Points North: Aware of Bears, But Not Afraid

Thousands of people venture into grizzly country daily and the vast majority are unarmed
Thousands of people venture into grizzly country daily and the vast majority are unarmed

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Sometimes you ask a question and get an unexpected answer. Looking for information about trout fishing in the Canadian Rockies, I emailed a friend of a friend who lives in Alberta. His prompt response included great information about specific streams and where to fish them. That was to be expected.

Was what unexpected was his comment, “All streams in area have grizzly bears--always carry bear spray.”

Hmm, all the streams where I live have bears, too. And I never carry bear spray. Then again, the bears where I live are black bears. When out in the woods, I rarely think about them.

If you spend much time in wild country, you will occasionally encounter the critters that live there. Those who partake in quiet, solitary activities, such as trout fishing, are even more likely to do so. Over the years, I’ve happened upon moose, wolves, deer and a very occasional bear along trout streams and shady forest trails. While a surprise encounter is often startling, rarely is it threatening, because the critter runs off as soon as it is aware of your presence.

While I consider a close encounter with a wild animal a bonus to my outdoor day, some folks dread such an occurrence. The fear of bears, mountain lions, wolves or other wild animals is a phobia that’s really no different than being afraid of snakes or high places. Since most people seem to fear unseen animals they think are lurking in the forest, you might even say it is a fear of the unknown.

When I was a boy, my father used to tell me to not be afraid of the woods, because he knew a young imagination can run wild. Despite his reassurances, I used to become uneasy when he was out of sight, say fishing another pool on a brook trout creek, even though I knew he wasn’t far away. Eventually, my zeal for fishing and hunting overcame any fear of the woods. I began to seek out places where I was unlikely to see other people, because the hunting and fishing was better there.

It is one thing to be unafraid in the forest and quite another to be unaware. Folks who are accustomed to pavement and mowed lawns usually are oblivious to their surroundings when they get into the wild, because they are used to the blatant external stimuli of the civilized world. Nature, in contrast, is more subtle. You can walk right by an animal and not even see it. You probably don’t want to do that with an animal like a bear.

I don’t fear the creatures living in the north woods, but I try to avoid unexpected encounters with some of them. Moose, for instance, are unpredictable and may not run away when you happen upon them at close range. Wolves, on the other hand, may attack your dog. However, moose and wolves are likely to head the other direction if they know you are in the vicinity. Fortunately, most people inadvertently announce their presence in the woods in so many ways that every creature from chickadees to black bears know they are coming and get out of the way.

Of course, this is what happens most of the time, but not all of the time. Occasionally, you step around a corner and there is Mr. Moose. Sometimes your dog finds them for you. When my old dog, Abby, was in her prime, I sometimes went crashing through the woods to find out why she was barking excitedly 100 yards away. I discovered her bark meant, “Come quick, I’ve cornered a moose!” Upon making that discovery, I’d grab her by the collar and make a quick exit.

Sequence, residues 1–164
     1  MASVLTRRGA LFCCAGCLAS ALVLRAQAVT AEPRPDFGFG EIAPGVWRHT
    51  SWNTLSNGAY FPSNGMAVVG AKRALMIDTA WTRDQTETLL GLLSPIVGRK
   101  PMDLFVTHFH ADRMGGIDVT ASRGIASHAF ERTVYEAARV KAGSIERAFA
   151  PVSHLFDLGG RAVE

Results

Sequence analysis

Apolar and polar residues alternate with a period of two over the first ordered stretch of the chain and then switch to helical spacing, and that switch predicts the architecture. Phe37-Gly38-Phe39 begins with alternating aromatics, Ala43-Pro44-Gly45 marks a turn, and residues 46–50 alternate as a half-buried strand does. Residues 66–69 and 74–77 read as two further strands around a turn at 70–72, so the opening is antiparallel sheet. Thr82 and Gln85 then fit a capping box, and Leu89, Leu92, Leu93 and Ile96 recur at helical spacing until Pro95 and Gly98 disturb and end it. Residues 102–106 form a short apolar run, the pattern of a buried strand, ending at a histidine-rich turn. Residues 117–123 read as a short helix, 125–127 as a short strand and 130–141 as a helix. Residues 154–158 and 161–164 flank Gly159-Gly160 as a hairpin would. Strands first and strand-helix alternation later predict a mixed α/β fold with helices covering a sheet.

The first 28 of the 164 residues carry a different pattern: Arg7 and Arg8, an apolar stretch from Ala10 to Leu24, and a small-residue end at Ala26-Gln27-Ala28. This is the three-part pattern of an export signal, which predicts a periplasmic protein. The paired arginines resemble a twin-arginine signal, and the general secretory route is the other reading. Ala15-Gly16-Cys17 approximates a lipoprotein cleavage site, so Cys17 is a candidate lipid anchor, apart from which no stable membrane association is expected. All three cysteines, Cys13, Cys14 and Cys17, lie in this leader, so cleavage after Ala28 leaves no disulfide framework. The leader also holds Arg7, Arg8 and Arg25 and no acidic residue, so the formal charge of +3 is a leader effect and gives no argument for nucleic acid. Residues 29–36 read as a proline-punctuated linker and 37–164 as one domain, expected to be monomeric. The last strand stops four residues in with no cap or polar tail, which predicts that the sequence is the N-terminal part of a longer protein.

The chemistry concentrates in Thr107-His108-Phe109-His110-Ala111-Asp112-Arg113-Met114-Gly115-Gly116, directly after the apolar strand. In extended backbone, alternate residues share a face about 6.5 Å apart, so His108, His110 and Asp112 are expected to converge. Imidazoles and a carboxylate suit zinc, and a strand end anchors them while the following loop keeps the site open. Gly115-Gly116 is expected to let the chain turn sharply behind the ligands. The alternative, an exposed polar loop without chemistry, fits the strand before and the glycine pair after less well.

To my knowledge, none of my dogs has ever had a direct encounter with a wolf. Once in a while we’ll happen upon fresh wolf tracks in the snow and make an immediate decision to go another direction. Also, sometimes dog behavior will signal that a large animal is nearby. Again, we immediately go somewhere else. As for bears, well, black bears and dogs don’t mix. In my experience, a bear heads for parts unknown as soon as it knows a dog is nearby. The same may not be true for grizzly bears. In his email, my friend in Canada noted that an unleashed dog may end up being chased by the bear and lead the grizzly to you. Hmm, maybe carrying bear spray isn’t a bad idea.

He also said grizzlies are everywhere in this part of the Canadian Rockies, although you are less likely to see them in places populated with people. This observation did not sit well with Vikki, who would rather not see one of the big bears, even if she is safely inside the truck. She doesn’t fear the creatures near our northwoods home, but she does have this thing about grizzlies. A couple of years ago, while walking through the rain forest to a Vancouver Island beach, she was convinced there were grizzlies in the vicinity, because she had read a sign in the parking lot with a warning about bears. It turned out the warning referred to black bears.

On this trip, she’s adamant about having her own can of bear spray. That’s fine. I’ll probably carry one, too. Why not carry a gun? Well, I don’t want the hassle of bringing a firearm to Canada, nor the inconvenience of carrying it with me while I fish. Thousands of people venture into grizzly country daily and the vast majority are unarmed. If I encounter a bear, I’ll give it the right of way and make an immediate change in my plans. If the encounter goes sour, I’ll use the pepper spray.

Truth be told, I’m excited to go fishing in a place still wild enough to contain grizzly bears, as well as all wildlife species native to the Rockies. Buying a couple of cans of bear spray is a small price to pay for the experience of being there. I can hardly wait.

Airdate: August 19, 2011

Photo by icegoalie365 via Flickr.

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